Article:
Similarly, we can integrate \(\phi_y\) with respect to y: \[\phi = \int x+2y\ dy = xy + y^2 + c(x)\]

Matching up the two expressions for \(\phi\), we can tell that \(c(x) = 2x^2\) and \(c(y)=y^2\), so \[\phi(x,y) = 2x^2+xy+y^2.\]

Find the potential function \(\phi (x,y,z)\) if \(\vec{F} = \langle 2xy-z^2,x^2+2z,2y-2xz \rangle\).

Start by integrating \(\phi_x\) with respect to x, noting that the constant of integration will be a function of y and z:

\[\begin{align} \phi_x &= 2xy-z^2\\ \phi &= \int 2xy-z^2\ dx\\ &= x^2y-z^2x+c(y,z) \end{align}\]Here's where things get a bit tricky: to find \(c(y,z)\), differentiate this expression with respect to y and match it up with \(\phi_y\):

\[\begin{align} \phi &= x^2y-z^2x+c(y,z)\\ \phi_y &= x^2 + c_y(y,z) = x^2+2z\\ &\implies c_y (y,z) = 2z\\ &\implies c(y,z) = \int 2z\ dy = 2yz+d(z) \end{align}\]Now we're closer (we know that \(\phi (x,y) = x^2y-z^2x+2yz+d(z)\)), but we still need to find \(d(z)\). Here, differentiate \(\phi\) with respect to z:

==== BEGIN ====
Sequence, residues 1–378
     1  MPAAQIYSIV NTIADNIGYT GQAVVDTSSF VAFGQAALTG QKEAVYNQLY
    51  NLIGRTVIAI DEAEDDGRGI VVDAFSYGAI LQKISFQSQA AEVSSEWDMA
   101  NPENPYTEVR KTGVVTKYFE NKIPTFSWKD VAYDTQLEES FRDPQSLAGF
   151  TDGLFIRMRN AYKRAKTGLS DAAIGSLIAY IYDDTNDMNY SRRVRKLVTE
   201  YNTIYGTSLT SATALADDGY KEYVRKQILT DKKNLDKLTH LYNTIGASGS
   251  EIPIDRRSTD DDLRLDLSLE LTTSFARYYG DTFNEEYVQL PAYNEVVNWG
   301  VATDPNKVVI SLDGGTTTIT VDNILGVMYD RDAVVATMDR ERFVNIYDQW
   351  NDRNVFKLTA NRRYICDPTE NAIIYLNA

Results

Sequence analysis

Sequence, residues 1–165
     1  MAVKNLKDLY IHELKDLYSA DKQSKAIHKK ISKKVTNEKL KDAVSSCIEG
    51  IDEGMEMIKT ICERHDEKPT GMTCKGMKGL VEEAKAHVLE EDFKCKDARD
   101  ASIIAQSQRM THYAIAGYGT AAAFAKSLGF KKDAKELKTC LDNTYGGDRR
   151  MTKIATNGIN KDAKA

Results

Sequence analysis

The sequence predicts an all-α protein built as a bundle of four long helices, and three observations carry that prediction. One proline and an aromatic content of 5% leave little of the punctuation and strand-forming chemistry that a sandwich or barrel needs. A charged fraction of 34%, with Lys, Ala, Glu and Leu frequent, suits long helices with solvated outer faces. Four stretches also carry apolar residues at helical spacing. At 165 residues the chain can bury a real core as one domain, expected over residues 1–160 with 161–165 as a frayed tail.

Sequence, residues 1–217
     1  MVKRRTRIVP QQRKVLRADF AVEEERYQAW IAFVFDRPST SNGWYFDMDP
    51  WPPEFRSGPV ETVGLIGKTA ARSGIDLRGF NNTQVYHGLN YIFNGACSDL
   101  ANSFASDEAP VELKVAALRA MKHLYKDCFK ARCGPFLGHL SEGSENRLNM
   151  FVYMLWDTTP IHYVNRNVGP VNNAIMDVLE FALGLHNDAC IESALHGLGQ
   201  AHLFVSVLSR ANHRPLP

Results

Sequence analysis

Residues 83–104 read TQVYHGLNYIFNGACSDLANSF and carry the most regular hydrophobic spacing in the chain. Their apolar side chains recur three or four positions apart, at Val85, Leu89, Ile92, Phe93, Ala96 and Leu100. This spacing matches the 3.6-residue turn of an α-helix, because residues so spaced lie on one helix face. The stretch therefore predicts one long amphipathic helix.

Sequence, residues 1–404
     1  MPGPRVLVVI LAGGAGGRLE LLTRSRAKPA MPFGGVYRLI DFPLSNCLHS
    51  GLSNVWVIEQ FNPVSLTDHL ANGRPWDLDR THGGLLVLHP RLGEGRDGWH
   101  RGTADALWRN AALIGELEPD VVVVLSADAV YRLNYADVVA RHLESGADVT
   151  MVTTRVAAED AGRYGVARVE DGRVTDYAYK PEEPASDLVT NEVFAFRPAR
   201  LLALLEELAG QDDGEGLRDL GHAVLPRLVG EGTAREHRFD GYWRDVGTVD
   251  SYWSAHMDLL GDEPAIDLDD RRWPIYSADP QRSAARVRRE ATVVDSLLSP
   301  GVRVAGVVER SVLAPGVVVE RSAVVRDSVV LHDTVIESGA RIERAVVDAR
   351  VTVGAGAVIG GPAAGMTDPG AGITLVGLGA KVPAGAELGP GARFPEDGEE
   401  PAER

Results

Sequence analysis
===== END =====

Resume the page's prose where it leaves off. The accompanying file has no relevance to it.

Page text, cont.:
\[\begin{align} \phi &= x^2y-z^2x+2yz+d(z)\\ \phi_z &= -2zx+2y+d_z(z) = 2y-2xz\\ &\implies d_z (z) = 0\\ &\implies d(z) = C \textrm{ (let } C=0 \textrm{)}\\ \\ &\implies \ans{\phi(x,y,z) = x^2y-z^2x+2yz} \end{align}\]- Find the potential function \(\phi (x,y,z)\) if \(\vec{F} = \langle z,1,x \rangle\).
- Find the potential function \(\phi (x,y)\) if \(\vec{F} = \langle e^{-x}\cos y, e^{-x}\sin y \rangle\).
- Find the potential function \(\phi (x,y,z)\) if \(\vec{F} = \langle yz,xz,xy \rangle\).

\(\phi (x,y,z) = xz+y\)

\(\phi (x,y) = -e^{-x}\cos y\)

\(\phi (x,y,z) = xyz\)

For a line integral in a vector field, there is a fundamental theorem analogous to the well-known fundamental theorem of calculus:

A vector field \(\vec{F}\) is conservative (i.e. \(\vec{F}=\nabla \phi(x,y)\)) if and only if \[\int_C \vec{F} \cdot \vec{T} \ ds = \int_C \vec{F} \cdot \vec{r}\ '(t)\ dt = \phi (B) - \phi (A),\] where \(A\) and \(B\) are the starting and ending points of the path \(C\), respectively.

In physical terms, this means that the line integral is independent of path; this will come into play when we calculate work done by a conservative force.